I know, I know. I just posted a recipe for 15-minute donut holes a few days ago. But I'm kinda going through a donut kick at the moment. So I figured, why not? I'll take any excuse to eat a donut.
Besides, these babies are based off an old-fashioned cake donut dough. What's the difference between regular donuts and cake donuts? Again, it all comes back to leavening. Regular donuts are raised by yeast, while cake donuts are raised by baking powder.
Old-fashioned donuts, however, are a different breed of cake donut. While cake donut batter requires a piping bag to form the donuts, old-fashioned donut dough is more like regular bread dough, requiring you to roll out the dough and use a cutter to form the donuts. And since the batter contains a lot of fat and hardly any liquid, the donuts split and crack all over the place when fried, resulting in a crisp crust with all sorts of crags to catch the donut glaze:
I started out this recipe with the intention of making actual donuts and not donut holes, but as I rolled out the dough, I realized I had misplaced my donut cutter somewhere along the move from Denver to Portland. So I had to improvise and roll mine into dough balls to create donut holes.
These donuts tasted exactly like the old-fashioned donuts I've had in donut shops, and fried up beautifully to boot. The hardest part about the whole baking process was waiting for the glaze to set on the donuts so I could finally eat them all. :-D
Old-Fashioned Sour Cream Donut Holes
For the Donut Holes:
(makes around 2 dozen 2-inch donut holes)
- 2 1/4 cups cake flour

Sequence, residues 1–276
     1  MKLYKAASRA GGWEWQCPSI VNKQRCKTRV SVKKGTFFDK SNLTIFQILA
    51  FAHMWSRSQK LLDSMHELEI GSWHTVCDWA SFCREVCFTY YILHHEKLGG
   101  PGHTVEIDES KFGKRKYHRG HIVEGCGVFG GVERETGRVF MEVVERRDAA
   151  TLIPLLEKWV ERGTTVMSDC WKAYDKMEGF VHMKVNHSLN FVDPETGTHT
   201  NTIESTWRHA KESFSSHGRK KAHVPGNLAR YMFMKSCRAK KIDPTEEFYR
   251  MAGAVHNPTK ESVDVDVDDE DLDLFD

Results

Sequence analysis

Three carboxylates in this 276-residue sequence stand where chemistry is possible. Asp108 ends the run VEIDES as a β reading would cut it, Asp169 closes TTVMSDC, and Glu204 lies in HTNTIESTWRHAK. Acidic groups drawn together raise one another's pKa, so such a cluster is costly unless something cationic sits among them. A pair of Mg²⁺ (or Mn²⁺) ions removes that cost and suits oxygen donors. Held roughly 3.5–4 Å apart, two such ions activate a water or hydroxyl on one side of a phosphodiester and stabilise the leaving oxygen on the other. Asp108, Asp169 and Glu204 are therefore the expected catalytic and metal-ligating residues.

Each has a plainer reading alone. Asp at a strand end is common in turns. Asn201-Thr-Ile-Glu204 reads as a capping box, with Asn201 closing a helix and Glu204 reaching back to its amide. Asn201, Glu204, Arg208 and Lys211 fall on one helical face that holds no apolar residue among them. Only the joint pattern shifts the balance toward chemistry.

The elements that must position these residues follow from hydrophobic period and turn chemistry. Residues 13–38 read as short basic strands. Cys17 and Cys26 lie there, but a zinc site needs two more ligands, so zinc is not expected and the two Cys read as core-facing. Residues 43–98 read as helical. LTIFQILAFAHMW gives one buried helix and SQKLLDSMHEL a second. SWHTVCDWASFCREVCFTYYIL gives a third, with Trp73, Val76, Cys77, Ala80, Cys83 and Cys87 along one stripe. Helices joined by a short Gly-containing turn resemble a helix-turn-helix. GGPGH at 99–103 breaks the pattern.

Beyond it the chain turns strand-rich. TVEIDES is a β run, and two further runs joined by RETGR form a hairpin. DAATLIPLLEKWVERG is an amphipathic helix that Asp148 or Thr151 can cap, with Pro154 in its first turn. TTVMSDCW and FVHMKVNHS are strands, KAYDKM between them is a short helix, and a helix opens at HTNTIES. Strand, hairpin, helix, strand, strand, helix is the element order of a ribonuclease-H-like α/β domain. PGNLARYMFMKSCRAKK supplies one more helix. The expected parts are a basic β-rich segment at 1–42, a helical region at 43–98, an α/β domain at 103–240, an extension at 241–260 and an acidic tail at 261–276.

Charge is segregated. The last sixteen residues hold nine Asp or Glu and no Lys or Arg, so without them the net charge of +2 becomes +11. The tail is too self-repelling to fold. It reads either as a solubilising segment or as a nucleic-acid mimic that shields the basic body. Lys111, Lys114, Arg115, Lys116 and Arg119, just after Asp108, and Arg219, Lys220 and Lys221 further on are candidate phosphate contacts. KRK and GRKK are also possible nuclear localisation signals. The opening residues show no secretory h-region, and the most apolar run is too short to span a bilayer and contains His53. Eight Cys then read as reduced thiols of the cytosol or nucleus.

- 1 1/2 teaspoons baking powder
- 1 teaspoon salt
- 1/2 teaspoon ground nutmeg
- 1/2 cup sugar
- 2 tablespoons vegetable shortening
- 2 large egg yolks, at room temperature
- 1/2 cup sour cream, at room temperature
- 2 cups vegetable oil, for frying
For the Donut Glaze:
(makes enough for 2 dozen 2-inch donut holes)
- 3 1/2 cups confectioners' sugar, sifted
- 1 1/2 teaspoons corn syrup
- 1/4 teaspoon salt
- 1/2 teaspoon vanilla extract
- 1/3 cup hot water
For the Donut Holes:
- In a bowl, whisk together 2 1/4 cups cake flour, 1 1/2 teaspoons baking powder, 1 teaspoon salt, and 1/2 teaspoon nutmeg. Set aside.
- In the bowl of a stand mixer fitted with a paddle attachment (or use a handheld whisk), beat 1.2 cup sugar and 2 tablespoons vegetable shortening together until sandy.
- Once the sugar and shortening are well combined, add the 2 egg yolks and mix until the mixture is light and thick.
- Add the dry ingredients to the mixing bowl in 3 additions, alternating with sour cream and ending with flour, scraping the sides of the bowl down as necessary. The dough will be sticky. Transfer the dough into a clean bowl, cover with plastic wrap and chill for an hour.
- Once the dough is chilled, roll out the chilled dough on a floured surface until about 1/2 inch thick. Use a 2-inch cutter to cut out as many circles of dough as you can. Roll the flat circles of dough into little balls.
- Pour 2 cups of vegetable oil into a heavy bottom pot (I used an iron skillet) to at least 2 inches deep. Heat to 325 (F). Ad the donuts to the heated oil a few at a time, careful not to overcrowd the pot. Fry on each side until golden brown, being careful to make sure they don't burn.
- When the donuts are finished frying, let drain on a paper towel to soak up the excess oil.
- Mix 3 1/2 cups confectioners' sugar, 1 1/2 teaspoons corn syrup, 1/4 teaspoon salt, 1/2 teaspoon vanilla extract, and 1/3 cup hot water with a whisk until smooth.
- Dip each donut hole into the glaze immediately, making sure the donuts are covered completely. Place on a wire rack above a sheet pan to catch any excess glaze. Let sit for 20 minutes until glaze is set.